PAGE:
Willard Mitt Romney is rich. Super rich. Like building-a-car-elevator-in-mansion-number three-rich and scoffing-at-earning-$374,000-in-speaking-fees-rich. And he's super out of touch. He doesn't watch NASCAR, but has "great friends who are NASCAR team owners," and his wife doesn't just drive a Cadillac, she "drives a couple of Cadillacs." And he's mean to dogs.
This combination is not working for Romney, yet most presidents have been rich and largely out of touch. So why is rich not working for Romney? It's simple. He doesn't seem to care about average working class Americans, the 99%. He cares about his people, the 1%, and the aspiring one-percenters (those disillusioned souls who support the policies of and for the 1% because they think they're headed there).
Mitt Romney is the richest man to run for president on a major party ticket, worth about a quarter billion dollars (not counting the $100 million trust he set aside for his sons), and if elected he would be wealthier than any other president in our nation's history, except one: our first, George Washington, who had a net worth of over a half billion in today's dollars. His salary was a staggering 2 percent of the total U.S. budget in 1789.
Presidents Kennedy and Roosevelt (FDR) also made the top 10 list of the richest U.S. presidents, but there's a stark difference between these men and Romney. These presidents were not spewing words and policies catered to the 1%. They spoke about and for the middle class, the poor and the working poor, and created monumental programs that drastically helped this large portion of our population.
President Kennedy was born into a wealthy, well-connected family, but his policies did not reflect that. His policies were not for the 1%. He spoke about a living wage for all Americans and expanding economic growth to benefit everyone. In August 1960, Kennedy spoke in support of raising the minimum wage:
Conscience and good business sense join in demanding the enactment of this measure. The bill will extend to the lowest paid workers -- to three and one-half million men and women and their families -- a fairer opportunity to share our high standard of living. To pass them by -- to water down the help they need -- or merely assume that prosperity at the top will someday reach them -- shocks the conscience of those who care.
A rich man caring for the lowest paid workers. That's why Kennedy's wealth didn't matter to the American people. He wasn't a wealthy guy running for president calling for tax cuts for the wealthy like Romney is.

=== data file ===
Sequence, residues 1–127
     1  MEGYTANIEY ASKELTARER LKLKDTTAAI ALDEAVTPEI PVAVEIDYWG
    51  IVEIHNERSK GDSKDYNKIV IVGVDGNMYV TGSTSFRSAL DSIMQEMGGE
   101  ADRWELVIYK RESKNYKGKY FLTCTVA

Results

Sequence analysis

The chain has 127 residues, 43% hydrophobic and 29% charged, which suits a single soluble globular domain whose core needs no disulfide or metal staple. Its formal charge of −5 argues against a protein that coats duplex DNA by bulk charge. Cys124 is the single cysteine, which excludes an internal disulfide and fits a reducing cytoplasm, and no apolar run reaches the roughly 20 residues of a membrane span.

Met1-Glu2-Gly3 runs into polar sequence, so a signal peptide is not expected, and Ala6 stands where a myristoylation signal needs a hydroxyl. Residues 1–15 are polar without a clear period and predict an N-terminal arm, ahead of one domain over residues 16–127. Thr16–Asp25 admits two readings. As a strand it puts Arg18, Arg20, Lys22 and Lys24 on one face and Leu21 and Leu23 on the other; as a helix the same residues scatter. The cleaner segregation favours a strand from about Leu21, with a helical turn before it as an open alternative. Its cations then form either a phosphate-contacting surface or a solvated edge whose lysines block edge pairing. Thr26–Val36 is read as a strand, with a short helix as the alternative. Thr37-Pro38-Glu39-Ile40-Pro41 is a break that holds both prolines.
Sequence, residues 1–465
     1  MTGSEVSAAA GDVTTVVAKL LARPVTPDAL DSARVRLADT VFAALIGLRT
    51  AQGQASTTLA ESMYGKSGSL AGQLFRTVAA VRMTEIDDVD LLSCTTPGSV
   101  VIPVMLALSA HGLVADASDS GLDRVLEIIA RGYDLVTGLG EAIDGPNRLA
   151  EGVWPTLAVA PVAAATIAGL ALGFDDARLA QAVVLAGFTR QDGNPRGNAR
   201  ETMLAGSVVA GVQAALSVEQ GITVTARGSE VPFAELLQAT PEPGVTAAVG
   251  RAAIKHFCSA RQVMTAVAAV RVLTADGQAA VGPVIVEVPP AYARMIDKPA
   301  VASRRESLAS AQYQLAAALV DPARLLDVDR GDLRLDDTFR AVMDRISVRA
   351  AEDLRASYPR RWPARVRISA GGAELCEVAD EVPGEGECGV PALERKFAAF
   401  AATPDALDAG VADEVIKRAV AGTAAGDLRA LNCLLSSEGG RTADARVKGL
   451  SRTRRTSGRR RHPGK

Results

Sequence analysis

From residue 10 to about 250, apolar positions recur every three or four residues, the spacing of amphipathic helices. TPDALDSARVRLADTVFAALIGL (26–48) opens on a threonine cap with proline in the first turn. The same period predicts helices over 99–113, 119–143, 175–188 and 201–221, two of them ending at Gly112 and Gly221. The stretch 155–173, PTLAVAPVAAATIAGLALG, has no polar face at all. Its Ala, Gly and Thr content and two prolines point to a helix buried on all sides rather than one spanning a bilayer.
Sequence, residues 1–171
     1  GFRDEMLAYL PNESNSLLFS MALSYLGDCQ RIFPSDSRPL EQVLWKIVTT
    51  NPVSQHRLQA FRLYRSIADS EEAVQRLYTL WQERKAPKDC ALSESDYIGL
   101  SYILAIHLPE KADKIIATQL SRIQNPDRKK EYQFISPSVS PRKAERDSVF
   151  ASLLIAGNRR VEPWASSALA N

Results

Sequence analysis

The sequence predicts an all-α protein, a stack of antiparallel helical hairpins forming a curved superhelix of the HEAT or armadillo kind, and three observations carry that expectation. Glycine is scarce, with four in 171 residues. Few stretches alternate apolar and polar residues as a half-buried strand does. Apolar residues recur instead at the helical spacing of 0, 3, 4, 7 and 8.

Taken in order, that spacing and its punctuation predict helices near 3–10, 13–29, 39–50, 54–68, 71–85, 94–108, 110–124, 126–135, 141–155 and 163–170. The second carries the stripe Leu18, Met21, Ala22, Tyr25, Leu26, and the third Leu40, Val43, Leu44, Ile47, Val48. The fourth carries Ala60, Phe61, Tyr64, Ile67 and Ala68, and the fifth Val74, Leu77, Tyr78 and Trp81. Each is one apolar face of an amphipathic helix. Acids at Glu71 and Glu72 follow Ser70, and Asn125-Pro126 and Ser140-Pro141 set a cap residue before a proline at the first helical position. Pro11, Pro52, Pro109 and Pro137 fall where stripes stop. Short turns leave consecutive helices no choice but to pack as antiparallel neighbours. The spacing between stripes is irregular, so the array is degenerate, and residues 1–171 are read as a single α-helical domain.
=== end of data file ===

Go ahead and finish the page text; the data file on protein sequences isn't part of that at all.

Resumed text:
President Roosevelt came from money and grew up extremely privileged, but again, his wealth didn't hurt him with the American people because he wasn't running to serve the 1%. He was running for the people, the poor and unemployed, and spoke for and enacted fair and sensible programs for them and seemed to genuinely care for them, so his personal wealth was not an issue. He didn't believe that helping the rich in tough economic times was the answer, and made that clear when accepting his party's nomination in July 1932:
There are two ways of viewing the Government's duty in matters affecting economic and social life. The first sees to it that a favored few are helped and hopes that some of their prosperity will leak through, sift through, to labor, to the farmer, to the small business man... [A theory that] will never be the theory of the Democratic Party.
A theory that has yet to work, but one that Romney is currently selling.
Presidents Kennedy and Roosevelt were rich, extremely privileged men, and so were many of the presidents who preceded and succeeded them, and this will likely not change, but to lead this great nation you need, at the very least, to care about the average American. And I can't think of one major policy issue that Romney has discussed that would help anyone besides him and his friends and colleagues, and that's why rich isn't working for Romney. He's so out of touch that he can't possibly relate to, speak for, or help average Americans. And he's not even trying to hide it.
Romney has publicly stated that he's "not concerned about the very poor," a seemingly obvious gaffe that the media quickly jumped on. But when you're running for president of a party considered to be unsympathetic to poor people in a time of a recession, and you're the richest man to ever run for the office, fairness is a pretty big deal -- especially when you're calling for tax cuts for the rich.
According to the non-partisan Tax Policy Center, under Romney's proposed tax plan the top 1 percent of Americans will save an average of $150,000 in taxes. Under Obama's plan these Americans would pay roughly $83,000 more than they do today. For the top 0.1 percent, Romney's plan would save them about $725,000. Obama's plan would raise their taxes by $450,000. Obama has called this issue of income inequality "the defining issue of our time," while Romney calls it the "politics of envy." A stark ideological difference between the two candidates that you might think would signal a dominant win for Obama, but as of today most polls suggest that the race is within the margin of error. So, I guess it's to be determined whether rich will work for Romney, but my money's on Obama.